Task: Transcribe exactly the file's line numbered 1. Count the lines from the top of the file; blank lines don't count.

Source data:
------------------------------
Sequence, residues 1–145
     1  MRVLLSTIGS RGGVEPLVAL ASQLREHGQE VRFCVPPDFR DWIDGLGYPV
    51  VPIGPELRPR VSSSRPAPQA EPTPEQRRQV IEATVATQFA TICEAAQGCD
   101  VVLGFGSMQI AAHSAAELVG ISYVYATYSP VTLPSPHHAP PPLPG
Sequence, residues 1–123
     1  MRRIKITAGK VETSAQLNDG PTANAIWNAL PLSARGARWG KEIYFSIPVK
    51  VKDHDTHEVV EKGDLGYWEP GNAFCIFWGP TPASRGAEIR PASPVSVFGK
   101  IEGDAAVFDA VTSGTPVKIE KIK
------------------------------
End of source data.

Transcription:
Sequence, residues 1–145